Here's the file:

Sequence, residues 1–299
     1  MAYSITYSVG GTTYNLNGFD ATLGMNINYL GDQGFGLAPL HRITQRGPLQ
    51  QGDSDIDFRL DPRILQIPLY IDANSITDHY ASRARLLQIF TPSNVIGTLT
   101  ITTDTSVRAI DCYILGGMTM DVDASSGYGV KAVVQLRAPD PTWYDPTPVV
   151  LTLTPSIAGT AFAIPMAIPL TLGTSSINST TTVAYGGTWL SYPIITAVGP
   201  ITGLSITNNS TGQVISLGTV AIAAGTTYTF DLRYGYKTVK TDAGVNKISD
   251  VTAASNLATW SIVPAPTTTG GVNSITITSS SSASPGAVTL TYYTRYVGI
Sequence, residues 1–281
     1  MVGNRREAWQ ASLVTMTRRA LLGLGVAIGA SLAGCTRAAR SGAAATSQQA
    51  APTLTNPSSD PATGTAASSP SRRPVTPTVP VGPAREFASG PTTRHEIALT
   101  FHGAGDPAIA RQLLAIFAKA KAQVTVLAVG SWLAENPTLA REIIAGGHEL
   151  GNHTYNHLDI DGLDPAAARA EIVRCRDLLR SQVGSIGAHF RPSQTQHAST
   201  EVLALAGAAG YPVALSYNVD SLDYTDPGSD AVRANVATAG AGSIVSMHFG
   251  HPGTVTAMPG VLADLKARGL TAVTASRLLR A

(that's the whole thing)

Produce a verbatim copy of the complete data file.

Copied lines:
Sequence, residues 1–299
     1  MAYSITYSVG GTTYNLNGFD ATLGMNINYL GDQGFGLAPL HRITQRGPLQ
    51  QGDSDIDFRL DPRILQIPLY IDANSITDHY ASRARLLQIF TPSNVIGTLT
   101  ITTDTSVRAI DCYILGGMTM DVDASSGYGV KAVVQLRAPD PTWYDPTPVV
   151  LTLTPSIAGT AFAIPMAIPL TLGTSSINST TTVAYGGTWL SYPIITAVGP
   201  ITGLSITNNS TGQVISLGTV AIAAGTTYTF DLRYGYKTVK TDAGVNKISD
   251  VTAASNLATW SIVPAPTTTG GVNSITITSS SSASPGAVTL TYYTRYVGI
Sequence, residues 1–281
     1  MVGNRREAWQ ASLVTMTRRA LLGLGVAIGA SLAGCTRAAR SGAAATSQQA
    51  APTLTNPSSD PATGTAASSP SRRPVTPTVP VGPAREFASG PTTRHEIALT
   101  FHGAGDPAIA RQLLAIFAKA KAQVTVLAVG SWLAENPTLA REIIAGGHEL
   151  GNHTYNHLDI DGLDPAAARA EIVRCRDLLR SQVGSIGAHF RPSQTQHAST
   201  EVLALAGAAG YPVALSYNVD SLDYTDPGSD AVRANVATAG AGSIVSMHFG
   251  HPGTVTAMPG VLADLKARGL TAVTASRLLR A